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Our Profile and Theirs


When Dr. W.E.B DuBois predicted the question of color would become the

problem of the twentieth century, he was writing before the advent of

television, the proliferation of the mass media, and the many uses (and

abuses) of the idea of racial profiling. DuBois spoke about color in terms of

oppression of nations and nationalities, of structural inequalities and

injustices imposed by systems of colonialism and later capitalism. He was an

advocate of self-determination on the political level and redistribution on

the economic one.At century’s end, Spike Lee is making movies about the Son of

Sam, not Uncle Sam, and DuBois’s ideas are out of fashion. With that imprecise

phrase ‘people of color’ in vogue, the racial divide in America is as

pervasive as ever and just about as invisible as when writer Ralph Ellison

chose that phrase to explore how racism infected its victims as well as

victimizers. In the American media, the racial profile is worse than the

racial composition of nation it "serves." (If you want a shocking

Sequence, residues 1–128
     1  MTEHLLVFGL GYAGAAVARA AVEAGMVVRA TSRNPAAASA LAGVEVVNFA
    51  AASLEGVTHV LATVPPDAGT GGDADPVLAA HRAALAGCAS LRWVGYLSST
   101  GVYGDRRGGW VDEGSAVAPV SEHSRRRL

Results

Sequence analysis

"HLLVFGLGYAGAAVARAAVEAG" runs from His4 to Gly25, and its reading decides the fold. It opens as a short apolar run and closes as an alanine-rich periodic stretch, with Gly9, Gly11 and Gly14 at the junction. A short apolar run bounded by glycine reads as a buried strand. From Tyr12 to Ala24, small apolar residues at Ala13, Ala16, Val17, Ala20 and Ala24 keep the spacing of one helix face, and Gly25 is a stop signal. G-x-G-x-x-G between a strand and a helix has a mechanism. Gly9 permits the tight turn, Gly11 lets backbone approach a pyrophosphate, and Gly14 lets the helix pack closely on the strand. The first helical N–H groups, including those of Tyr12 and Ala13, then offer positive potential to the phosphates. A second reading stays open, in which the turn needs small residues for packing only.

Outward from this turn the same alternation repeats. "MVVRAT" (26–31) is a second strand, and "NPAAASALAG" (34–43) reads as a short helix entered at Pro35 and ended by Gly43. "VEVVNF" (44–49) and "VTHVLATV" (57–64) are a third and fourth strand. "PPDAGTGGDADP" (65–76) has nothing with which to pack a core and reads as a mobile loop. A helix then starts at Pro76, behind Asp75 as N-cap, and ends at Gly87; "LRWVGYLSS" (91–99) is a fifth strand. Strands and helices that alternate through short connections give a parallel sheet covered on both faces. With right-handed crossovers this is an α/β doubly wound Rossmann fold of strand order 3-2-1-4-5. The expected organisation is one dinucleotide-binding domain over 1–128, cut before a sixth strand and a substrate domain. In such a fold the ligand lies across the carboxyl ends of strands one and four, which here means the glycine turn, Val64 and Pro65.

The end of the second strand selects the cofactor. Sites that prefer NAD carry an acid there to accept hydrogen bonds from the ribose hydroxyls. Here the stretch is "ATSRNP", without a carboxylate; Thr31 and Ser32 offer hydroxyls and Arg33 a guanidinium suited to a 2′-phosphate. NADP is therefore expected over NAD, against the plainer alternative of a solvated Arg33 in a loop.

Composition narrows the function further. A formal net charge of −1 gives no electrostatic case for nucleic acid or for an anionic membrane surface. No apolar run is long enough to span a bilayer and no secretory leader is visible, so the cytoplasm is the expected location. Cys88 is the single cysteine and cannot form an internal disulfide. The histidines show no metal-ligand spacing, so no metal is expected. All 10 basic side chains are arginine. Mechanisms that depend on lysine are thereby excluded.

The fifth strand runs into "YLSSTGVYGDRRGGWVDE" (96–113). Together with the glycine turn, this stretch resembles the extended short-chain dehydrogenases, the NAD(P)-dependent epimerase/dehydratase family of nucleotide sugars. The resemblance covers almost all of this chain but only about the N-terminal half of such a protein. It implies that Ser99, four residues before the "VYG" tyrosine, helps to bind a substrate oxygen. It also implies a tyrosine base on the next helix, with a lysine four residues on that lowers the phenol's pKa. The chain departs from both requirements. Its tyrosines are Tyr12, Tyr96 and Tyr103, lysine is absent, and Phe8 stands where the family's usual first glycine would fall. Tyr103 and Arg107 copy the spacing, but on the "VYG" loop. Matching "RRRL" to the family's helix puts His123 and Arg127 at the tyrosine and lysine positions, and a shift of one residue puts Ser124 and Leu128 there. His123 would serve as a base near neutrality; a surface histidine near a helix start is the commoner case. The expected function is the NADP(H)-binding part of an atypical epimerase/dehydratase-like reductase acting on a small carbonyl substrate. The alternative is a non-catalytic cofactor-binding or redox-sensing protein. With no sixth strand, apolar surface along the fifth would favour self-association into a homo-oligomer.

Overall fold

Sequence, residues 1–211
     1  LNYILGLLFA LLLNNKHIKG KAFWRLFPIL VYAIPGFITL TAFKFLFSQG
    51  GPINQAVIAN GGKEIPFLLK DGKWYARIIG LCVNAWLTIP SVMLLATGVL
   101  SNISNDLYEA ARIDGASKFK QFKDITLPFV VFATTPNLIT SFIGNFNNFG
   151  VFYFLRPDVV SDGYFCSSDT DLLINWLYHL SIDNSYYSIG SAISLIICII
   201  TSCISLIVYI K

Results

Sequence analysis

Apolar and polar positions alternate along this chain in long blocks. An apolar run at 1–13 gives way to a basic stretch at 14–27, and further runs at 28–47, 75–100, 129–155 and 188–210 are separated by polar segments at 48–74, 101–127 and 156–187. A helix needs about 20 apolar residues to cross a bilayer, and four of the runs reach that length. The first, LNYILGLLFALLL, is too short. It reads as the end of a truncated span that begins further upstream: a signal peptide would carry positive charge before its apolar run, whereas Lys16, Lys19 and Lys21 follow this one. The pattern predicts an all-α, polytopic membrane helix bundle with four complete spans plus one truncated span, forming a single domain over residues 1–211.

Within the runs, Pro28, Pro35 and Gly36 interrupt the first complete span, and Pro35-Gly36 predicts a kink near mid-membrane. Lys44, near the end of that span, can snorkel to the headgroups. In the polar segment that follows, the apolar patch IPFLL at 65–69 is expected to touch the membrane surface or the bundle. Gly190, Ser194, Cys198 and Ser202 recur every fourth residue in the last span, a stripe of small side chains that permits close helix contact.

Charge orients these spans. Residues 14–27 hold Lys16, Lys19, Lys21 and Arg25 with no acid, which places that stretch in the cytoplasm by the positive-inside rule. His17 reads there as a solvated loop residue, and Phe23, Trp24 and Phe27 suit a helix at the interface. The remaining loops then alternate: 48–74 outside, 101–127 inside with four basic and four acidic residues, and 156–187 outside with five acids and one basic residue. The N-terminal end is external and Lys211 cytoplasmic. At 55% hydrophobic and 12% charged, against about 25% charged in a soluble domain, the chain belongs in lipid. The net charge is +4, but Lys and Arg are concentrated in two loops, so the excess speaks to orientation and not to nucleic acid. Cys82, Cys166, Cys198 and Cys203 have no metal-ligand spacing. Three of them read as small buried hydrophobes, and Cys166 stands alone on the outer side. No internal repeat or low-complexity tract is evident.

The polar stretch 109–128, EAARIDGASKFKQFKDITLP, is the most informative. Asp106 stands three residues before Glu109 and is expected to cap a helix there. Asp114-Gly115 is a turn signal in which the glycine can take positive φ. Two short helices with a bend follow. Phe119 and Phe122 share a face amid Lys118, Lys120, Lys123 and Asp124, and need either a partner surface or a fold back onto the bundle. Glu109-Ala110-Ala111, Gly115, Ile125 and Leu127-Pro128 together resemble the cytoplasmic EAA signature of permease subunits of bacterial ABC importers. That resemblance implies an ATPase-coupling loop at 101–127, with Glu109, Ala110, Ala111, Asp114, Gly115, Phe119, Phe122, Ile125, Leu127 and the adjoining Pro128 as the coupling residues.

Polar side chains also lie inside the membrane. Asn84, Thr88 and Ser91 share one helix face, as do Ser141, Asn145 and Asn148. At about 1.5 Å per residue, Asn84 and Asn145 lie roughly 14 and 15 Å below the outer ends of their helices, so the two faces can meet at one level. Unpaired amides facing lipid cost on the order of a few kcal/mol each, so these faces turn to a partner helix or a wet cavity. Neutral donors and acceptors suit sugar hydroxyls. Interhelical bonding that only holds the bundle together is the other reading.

contrast, compare integration in the military and the media.) A year or so

ago, newspaper editors admitted abandoning goals set a decade earlier to

desegregate newsrooms while on local TV news, black criminals are still

featured on the nightly perp walk while black anchors are confined mostly to

the weekend ghetto. (Crime on TV goes up as crime in the streets goes down!)

Anyone who has looked closely at the media industry–even now as it

"converges"–has to concede that racial "progress" in

hiring, promotions and consciousness has been, to be generous, thin indeed.

The new media world of the internet is, if anything, even whiter and more

locked into the logic of the market, than any high minded social mission to

which at one time media moguls at least paid lip service. In broadcasting, the

deal making culture has diminished the tiny foothold that minorities achieved

in terms of ownership, while media concentration has put more power in the

mostly white hands of fewer and fewer machers. The merger of news biz and show

biz has limited the amount of time devoted to all but episodic long form looks

into the institutionalized racial equation of what used be called "the

American dilemma." In most media, corporate interests overshadow public

interests.

Yes, I know a black banker is the president of TimeWarner while Oprah rules

on day time TV and well paid black athletes are well rated. Yet, black history

month is still the only time we see semi-serious upbeat programming on blacks

while other minority struggles in multi-racial America are just seeping into

view. (By 2050, there will be more nonwhite than white Americans reports Farai

Chidaya and most will be Asian and Latino) Thanks to talented film maker

Jennifer Fox, PBS will soon be airing its next generation reality series on

the American family. This new Loud-like drama features nine hours on an

interracial couple but, again, story telling, not whistle blowing, is the